Burnt Out LCT on American Beach

Mitchell Jamieson Burnt Out LCT on American Beach 88-193-ie

88-193-IE

“This is typical of some of the gutted wrecks along this most tragic of beaches. It had mobile anti-aircraft vehicles aboard and had been so completely ravaged by flame after being hit that its agonies had left it with a look somehow permanent and fixed in rigidity, as though suffering rigor mortis, in a way like a human corpse. A smashed LCIL is in the surf beyond the pontoon barge and an LCVP, or the remains of it, is in left foreground”

[Of note, the Gleaves-class destroyer USS Corry, nine LCILs, 21 LCTs, USS LST-715, and USS PC-1261 along with the Royal Norwegian Navy destroyer Svenner and RN destroyer HMS Wrestler were all lost off Normandy on 6 June 1944.]

The Dragon – Wrecked M4 Tank

Mitchell Jamieson The Dragon - Wrecked M4 Tank Dday 88-193-hs

88-193-HS

“This burnt-out General Sherman tank was evidently hit by a German “88” [a high-velocity 88mm anti-aircraft artillery gun which was also used as an effective anti-tank weapon] and set afire. It was then partly covered with sand, probably by our bulldozers clearing an exit from the beach. A little further back from the water, a tank ditch extended for a considerable length. Part of the tank’s amphibious air-intake duct, which allowed the tank to be driven through shallow water from ship to shore, was broken off. To the right, a group of African-American troops, amphibious “duck” [DUKW – a type of wheeled land and water vehicle] drivers, gathered around a fire.”

The Sea Wall At the Eastern American Beach (Utah Beach)

Mitchell Jameison The Sea Wall At the Eastern American Beach (Utah Beach) 88-193-IC

88-193-IC

“This was the scene at the easternmost of the two American beaches (Utah Beach) at about 3 p.m. on D-Day. The fighting had moved inland, but all along the seawall, which extends a considerable length of the beach, men dug themselves in – hospital corpsmen, beach battalion members, Sea Bees, and anyone whose work was on the beach itself. The beach first aid station was a short way down from here, and the wounded and dead are in the sand in front of the sea wall. The tide was out at this time, and the wounded could not be evacuated back to the ships because of the difficulty in getting landing craft in and out. An enemy artillery battery, located some distance inland from the beach but still in range, sent shells steadily over the Americans, impeding work. An ammunition truck was hit and burned at the beach’s far end. A lone LCI unloaded her troops and the men filed across the beach and started inland. In this section, beach obstacles were not as formidable as in other areas, and the demolition parties were able to clear the way for landing craft with few losses.”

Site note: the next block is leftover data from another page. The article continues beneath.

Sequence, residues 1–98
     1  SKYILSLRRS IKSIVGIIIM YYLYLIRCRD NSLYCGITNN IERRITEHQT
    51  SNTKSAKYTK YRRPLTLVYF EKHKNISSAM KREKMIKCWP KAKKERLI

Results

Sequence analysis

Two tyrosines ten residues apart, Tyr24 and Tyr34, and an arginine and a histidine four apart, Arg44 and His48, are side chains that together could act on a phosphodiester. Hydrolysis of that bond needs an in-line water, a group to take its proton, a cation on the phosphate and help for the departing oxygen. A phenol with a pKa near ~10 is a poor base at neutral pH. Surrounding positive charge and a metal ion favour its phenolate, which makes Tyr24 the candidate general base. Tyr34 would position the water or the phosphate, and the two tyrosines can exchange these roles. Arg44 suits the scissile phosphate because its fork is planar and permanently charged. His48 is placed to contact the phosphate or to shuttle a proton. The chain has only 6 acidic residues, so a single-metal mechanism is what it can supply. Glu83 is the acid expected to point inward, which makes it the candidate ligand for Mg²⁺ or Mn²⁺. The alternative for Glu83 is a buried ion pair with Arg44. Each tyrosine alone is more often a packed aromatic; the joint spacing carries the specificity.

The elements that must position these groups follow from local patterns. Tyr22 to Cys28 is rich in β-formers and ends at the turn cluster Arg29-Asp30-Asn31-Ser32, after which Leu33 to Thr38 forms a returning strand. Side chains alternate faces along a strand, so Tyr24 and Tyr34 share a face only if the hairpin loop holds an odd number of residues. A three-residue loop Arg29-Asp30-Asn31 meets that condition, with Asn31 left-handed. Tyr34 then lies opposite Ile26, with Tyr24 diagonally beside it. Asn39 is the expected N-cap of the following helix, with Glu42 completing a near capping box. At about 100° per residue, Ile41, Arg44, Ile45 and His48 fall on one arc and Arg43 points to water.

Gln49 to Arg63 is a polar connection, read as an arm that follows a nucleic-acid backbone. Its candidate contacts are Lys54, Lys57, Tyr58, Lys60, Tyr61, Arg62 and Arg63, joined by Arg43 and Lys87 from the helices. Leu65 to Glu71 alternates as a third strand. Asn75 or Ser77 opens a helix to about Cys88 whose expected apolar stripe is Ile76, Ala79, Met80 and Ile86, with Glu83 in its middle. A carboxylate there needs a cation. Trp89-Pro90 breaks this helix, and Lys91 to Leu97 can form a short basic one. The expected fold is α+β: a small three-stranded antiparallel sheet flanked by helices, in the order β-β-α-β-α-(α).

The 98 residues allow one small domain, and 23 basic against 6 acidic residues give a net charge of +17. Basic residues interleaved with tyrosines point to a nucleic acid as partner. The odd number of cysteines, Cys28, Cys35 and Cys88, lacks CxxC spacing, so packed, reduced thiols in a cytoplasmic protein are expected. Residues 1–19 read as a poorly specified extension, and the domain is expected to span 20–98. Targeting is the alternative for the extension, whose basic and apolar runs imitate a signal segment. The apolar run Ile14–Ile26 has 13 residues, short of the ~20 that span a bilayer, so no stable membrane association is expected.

First Aid Station on the Beach

First Aid Station on the Beach DDay Mitchell Jamieson 88-193-HT

88-193-HT

“These wounded were awaiting evacuation to the ships, but the difficulty was in getting craft to the landing beaches to take them. It was low tide when many landing craft were stranded in the shallows by the swiftly subsiding water. In the meanwhile, the medics did what they could for the wounded and tried to get them out of the line of fire. A trawler was set afire just behind the sea wall and exploded spasmodically with a shower of steel fragments whining overhead. One man died, and a corpsman covered him with a blanket. Wounded were being brought back from the fighting inland, but at this stage of the invasion the wounded did not receive anything like prompt care and evacuation, although the medics and corpsmen did everything in their power.”

[Note: Of the 156,000 Allied personnel who hit the beaches on 6 June, over 10,000 became casualties, half of those killed in action. One unit, A Company of the 116th Regiment, part of the 29th Infantry Division, lost 96 percent of its 197-strong complement to death or wounds on the morning of D-Day in the surf line at Omaha Beach. “Within 20 minutes if striking the beach, A Company ceased to be an assault company and had become a forlorn little rescue party bent upon survival and the saving of lives,” noted one contemporary Army report. ]

Burial Ground Above the Beach

Burial Ground Above the Beach Omaha Dday Mitchell Jamieson 88-193-II

88-193-II

In the center of Omaha or Western American beach sector, the ground is fairly flat for perhaps two hundred yards, then rises sharply in a series of hills which command both the beach and the valley exits from it. Here the land levels off and fields, bordered with hedgerows, stretch back inland towards the little town of Colleville-sur-Mer and the Cherbourg road. In June 1944, if you followed the slender white tape through the mined areas up one of these hills, it was not long before you found yourself in a different world.